Monday, August 4, 2008

Guest Blog--The Girl of His Dreams by Donna Leon

Since we arrived in San Diego six weeks ago, I have been waiting anxiously for the UCSD Library to process the new Donna Leon mystery, The Girl of His Dreams. I have been checking online regularly, and finally there it was in the stacks at the Geisel Library. Unfortunately, a few necessary things in life such as walking on the beach and eating out for lunch have kept me from reading it nonstop since I picked it up.

Leon’s books usually revolve around current problems in society. This time, the story is about the death of Ariana an eleven-year-old Gypsy, or to be more politically correct Rom, girl. Her family travels with a group who came into Italy following the break up of Yugoslavia. Both of her parents have UN refugee identity papers. And all three of their children were born in Italy.

Brunetti is haunted in his dreams by the face of this fragile little girl who fell from a roof into the canal in Venice and drowned. As he endeavors to look into her death, he is confronted by many different preconceived ideas about the nomadic group of which she is a member. There is no doubt that she and probably one of her siblings were housebreaking at the time of her death. On her body are found a wedding ring and a watch which are both engraved. The common practice of the Rom is to send their children to pickpocket or housebreak in search of gold jewelry that can easily be converted to cash. If they are under 13, the police do not detain them or prosecute in any way. The children are simply returned to their parents again and again and again.

As always when I read Leon, I was drawn into the life and views and feelings of Commissario Brunetti and his family. The books depict a life in Italy where corruption in government and society is accepted practice and is expected. Brunetti strives to navigate through these dangerous waters while trying to retain his own personal integrity and views that all people are deserving of being protected by the laws of the nation.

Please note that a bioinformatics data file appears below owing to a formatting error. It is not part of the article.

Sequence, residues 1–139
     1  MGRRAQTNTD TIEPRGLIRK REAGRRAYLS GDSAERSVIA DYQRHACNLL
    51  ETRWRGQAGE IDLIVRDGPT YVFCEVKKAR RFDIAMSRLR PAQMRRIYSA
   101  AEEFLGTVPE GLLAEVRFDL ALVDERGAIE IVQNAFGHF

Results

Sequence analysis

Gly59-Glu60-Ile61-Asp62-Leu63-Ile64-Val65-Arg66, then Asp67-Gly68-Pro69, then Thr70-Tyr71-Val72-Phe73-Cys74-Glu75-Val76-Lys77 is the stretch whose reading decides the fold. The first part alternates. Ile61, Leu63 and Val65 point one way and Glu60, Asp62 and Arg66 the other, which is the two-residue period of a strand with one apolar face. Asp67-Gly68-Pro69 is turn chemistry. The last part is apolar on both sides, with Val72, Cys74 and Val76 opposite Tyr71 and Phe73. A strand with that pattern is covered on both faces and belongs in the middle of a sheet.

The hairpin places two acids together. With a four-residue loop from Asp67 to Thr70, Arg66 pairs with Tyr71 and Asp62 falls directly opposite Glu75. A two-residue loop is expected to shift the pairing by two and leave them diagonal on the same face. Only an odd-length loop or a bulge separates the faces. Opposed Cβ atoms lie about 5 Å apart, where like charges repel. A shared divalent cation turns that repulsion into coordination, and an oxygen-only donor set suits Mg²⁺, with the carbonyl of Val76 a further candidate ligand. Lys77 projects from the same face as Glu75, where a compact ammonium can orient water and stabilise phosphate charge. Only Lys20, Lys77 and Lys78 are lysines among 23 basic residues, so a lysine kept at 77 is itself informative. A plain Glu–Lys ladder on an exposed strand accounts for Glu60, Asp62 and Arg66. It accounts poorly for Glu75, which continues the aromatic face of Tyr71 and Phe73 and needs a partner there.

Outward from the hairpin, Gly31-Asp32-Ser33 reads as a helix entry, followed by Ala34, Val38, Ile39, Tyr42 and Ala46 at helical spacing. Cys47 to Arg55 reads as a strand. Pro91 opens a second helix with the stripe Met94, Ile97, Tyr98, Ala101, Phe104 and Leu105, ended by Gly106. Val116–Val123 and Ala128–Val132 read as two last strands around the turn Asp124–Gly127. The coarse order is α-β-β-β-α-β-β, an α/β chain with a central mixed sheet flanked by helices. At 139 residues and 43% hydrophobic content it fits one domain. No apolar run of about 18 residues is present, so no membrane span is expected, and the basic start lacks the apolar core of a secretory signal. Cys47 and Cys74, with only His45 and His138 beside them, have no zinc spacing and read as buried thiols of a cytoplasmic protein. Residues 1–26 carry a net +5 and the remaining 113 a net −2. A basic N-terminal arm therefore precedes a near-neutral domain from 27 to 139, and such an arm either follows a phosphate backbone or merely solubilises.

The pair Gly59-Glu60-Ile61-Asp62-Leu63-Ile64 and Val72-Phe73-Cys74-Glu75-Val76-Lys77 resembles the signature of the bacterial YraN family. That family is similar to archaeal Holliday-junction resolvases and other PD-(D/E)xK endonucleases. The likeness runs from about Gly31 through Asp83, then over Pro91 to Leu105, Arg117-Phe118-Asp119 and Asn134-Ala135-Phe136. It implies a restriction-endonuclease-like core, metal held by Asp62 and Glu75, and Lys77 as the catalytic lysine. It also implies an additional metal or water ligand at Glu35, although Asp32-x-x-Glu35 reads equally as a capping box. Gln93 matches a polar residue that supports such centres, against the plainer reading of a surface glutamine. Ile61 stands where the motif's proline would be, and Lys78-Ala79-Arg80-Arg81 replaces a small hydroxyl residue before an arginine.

Today the European Union is struggling with growing prejudice towards immigrants. They have changed the face of nations and have influenced the world they have moved into. Frequently, the Europeans are resentful of the crime and demands upon social welfare that seem to have increased with the immigration of peoples from Africa and Eastern Europe. Italy is currently in the process of fingerprinting the Rom or Roma who live in their nation. Of course, this has sparked controversy about violating their human rights.

Frequently, Leon’s mysteries end without justice being served or any real resolution to the problems facing her characters and us the readers. Pretty much the way life really is. In this novel, there are several problems which challenge Brunetti and some of them have very satisfactory endings. As always, Leon has left me much to think about beyond mystery novels.


Blogger said...

It is so hard when things like the beach and eating out interrupt your reading life.

Blogger said...

I thought of Donna Leon as I read The Monster of Florence since it deals with so much police corruption.

Of course, I don't know what to think about the immigration issue. Since I lived in Eastern Europe and on the Mexican border, I tend to be very sympathetic towards people who immigrate for economic security.

notaconnoisseur said...

One of the positive aspects of Leon is that Brunetti is a very sympathetic character. He feels real concern for other's suffering and is angered by prejudice. But then she also gives space to express the other voices that are out there...the people who feel threatened by change or who are afraid or against anyone different. One of Brunetti's friends expresses the reality that if his children did not go to school or were picked up several times for shoplifting etc., Italian social services would step in and take his children from him. So he is angry that the Rom live by different laws in the community.